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Peacock (Aglais io)

On this page, we have made available all the information we have for this species

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Picture of Peacock
© Eddie John

The familiar Peacock butterfly is a relatively mobile and wide-ranging butterfly of parks, gardens and woodland edges where its larvae feed gregariously on Stinging Nettle (Urtica dioica) in sheltered situations. The species is expanding its range northwards in northern England and Scotland. (For further details on this species see

Family : Nymphalidae

Status : Stable

Status details :
Status since 1976 is Stable with a increase of 4%
Status over the last 20 years is Stable with a decrease of -29.3%
Status over the last 10 years is Stable with a decrease of -6.6%

Log collated index plot

Species Log Collated Index Plot

This chart shows the index of abundance (LCI = Log Collated Index) over time. It shows fluctuations in populations from year to year, and is scaled so that the average index over the whole series is equal to 2 (horizontal line). For greater detail about how this index is derived, click on the green question mark above.

Trend description :
Though the Peacock has generally increased since 1976, the increase is not significant across the UK and more recently populations have started to decline. However, it has colonised a number of sites in Scotland since monitoring began, reflecting its northward range expansion described in the atlases produced by data from the Butterflies for the New Millennium project, and now is a common butterfly there. Indeed in Scotland the long-term trend for this species is a significant increase and the recent declines seen in England and Wales have not yet been mirrored. This may be the result of climate change and consequent increased overwintering success.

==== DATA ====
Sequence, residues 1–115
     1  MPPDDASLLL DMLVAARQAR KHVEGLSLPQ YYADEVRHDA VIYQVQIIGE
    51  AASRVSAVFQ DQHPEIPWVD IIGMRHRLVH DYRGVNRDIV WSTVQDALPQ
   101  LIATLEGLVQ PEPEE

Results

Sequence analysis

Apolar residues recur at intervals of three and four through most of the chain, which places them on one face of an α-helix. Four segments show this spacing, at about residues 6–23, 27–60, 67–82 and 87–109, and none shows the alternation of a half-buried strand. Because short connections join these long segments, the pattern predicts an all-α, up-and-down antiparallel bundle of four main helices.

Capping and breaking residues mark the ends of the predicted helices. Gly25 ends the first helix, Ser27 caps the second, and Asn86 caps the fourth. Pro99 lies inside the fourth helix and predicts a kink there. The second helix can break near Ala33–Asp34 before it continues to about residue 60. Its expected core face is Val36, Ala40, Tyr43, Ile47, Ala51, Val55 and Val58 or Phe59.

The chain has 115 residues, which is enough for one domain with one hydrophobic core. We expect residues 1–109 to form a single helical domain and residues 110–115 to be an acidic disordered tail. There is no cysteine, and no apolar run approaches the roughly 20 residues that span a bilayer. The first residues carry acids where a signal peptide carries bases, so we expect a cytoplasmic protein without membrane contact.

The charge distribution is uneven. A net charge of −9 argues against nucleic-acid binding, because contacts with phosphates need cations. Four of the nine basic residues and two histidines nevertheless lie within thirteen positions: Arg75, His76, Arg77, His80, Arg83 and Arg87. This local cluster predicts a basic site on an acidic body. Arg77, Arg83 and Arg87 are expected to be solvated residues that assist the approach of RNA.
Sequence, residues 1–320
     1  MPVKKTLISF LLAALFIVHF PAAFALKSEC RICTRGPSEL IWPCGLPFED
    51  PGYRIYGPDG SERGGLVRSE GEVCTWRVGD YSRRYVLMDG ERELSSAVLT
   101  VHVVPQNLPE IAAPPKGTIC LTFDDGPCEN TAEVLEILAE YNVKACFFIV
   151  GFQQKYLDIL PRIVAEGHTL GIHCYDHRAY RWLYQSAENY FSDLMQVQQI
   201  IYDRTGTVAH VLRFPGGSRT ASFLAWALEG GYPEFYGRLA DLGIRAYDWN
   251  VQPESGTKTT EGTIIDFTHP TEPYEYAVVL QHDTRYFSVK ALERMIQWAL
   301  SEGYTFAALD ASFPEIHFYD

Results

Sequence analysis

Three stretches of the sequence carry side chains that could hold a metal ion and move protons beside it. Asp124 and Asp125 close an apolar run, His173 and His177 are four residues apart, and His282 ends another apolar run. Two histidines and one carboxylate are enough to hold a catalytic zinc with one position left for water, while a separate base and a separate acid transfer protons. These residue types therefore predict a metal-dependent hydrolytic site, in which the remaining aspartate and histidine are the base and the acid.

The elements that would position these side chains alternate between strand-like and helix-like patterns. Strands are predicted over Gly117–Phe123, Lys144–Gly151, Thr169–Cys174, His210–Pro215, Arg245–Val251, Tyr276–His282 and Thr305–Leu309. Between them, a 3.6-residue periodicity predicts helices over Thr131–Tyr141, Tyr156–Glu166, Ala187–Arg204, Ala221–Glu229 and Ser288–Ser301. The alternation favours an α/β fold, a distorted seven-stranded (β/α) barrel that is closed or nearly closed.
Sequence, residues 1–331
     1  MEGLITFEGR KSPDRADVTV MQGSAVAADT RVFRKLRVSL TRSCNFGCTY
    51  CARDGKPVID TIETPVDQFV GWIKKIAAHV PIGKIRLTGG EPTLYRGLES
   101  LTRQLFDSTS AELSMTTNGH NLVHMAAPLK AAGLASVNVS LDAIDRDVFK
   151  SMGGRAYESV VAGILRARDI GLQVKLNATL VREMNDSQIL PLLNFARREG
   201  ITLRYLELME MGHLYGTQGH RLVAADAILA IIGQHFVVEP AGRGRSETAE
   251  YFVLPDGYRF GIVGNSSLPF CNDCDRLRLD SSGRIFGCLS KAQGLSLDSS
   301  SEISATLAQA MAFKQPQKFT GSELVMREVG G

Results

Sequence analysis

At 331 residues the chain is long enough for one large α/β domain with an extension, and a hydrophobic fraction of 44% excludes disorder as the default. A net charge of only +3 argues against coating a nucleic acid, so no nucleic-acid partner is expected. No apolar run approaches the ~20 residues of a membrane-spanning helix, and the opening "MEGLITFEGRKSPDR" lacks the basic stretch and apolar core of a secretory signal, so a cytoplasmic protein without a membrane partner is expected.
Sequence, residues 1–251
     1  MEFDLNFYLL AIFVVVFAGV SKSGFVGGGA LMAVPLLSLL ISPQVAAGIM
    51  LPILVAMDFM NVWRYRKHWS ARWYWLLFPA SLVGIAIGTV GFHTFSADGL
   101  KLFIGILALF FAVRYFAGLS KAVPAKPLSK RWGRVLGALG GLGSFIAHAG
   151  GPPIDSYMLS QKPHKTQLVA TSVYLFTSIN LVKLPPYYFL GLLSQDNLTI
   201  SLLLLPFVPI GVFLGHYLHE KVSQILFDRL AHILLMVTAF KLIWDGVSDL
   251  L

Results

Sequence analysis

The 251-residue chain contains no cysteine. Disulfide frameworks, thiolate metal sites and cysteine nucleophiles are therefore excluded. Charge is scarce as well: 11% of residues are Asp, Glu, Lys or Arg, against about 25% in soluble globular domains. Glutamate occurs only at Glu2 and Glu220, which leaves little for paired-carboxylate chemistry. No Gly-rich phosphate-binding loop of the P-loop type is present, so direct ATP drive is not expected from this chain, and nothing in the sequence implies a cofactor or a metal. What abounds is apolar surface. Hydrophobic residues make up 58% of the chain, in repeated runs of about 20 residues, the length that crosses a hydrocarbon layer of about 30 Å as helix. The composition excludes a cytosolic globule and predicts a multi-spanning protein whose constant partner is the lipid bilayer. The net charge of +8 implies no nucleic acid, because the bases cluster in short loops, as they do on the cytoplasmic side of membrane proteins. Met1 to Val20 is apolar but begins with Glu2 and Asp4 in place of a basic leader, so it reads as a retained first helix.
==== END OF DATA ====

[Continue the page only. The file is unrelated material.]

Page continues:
This map shows the distribution between 1995 and 2016. Data is derived from the Butterflies for the New Millenium dataset via the NBN Gateway

Phenology plot
Species Phenology Plot

Phenology plot

This chart shows the average number of butterflies seen on transects between Arpil and October across all sites (fitted values from a Generalised Additive Model). The blue line gives average counts over the full BMS series (1976 to date) and the red line gives the average for the last year.

Species abundance map


This map shows symbols for the mean abundance at transect sites, with the colour of the symbol reflecting the level of abundance. Means are over all years. Grey background squares are the occupied cells as shown by the Butterflies for the New Millenium over the previous ten year period.


In total, Peacock has been recorded from 905 transects in the Butterfly Monitoring Scheme. Of these, annual indices of abundance have been calculated from 1006 sites, with an average index of 38 individuals per site.

For 438 of these sites, Peacock has been recorded well enough to calculate annual indices of abundance in more years, allowing trends to be calculated.

In 2018, 19516 individuals were recorded from 626 sites, producing annual indices at 416 of these.

The UK Butterfly Monitoring Scheme is organized and funded by Butterfly Conservation (BC), the Centre for Ecology and Hydrology (CEH), the British Trust for Ornithology (BTO), and the Joint Nature Conservation Committee (JNCC). The UKBMS is indebted to all volunteers who contribute data to the scheme.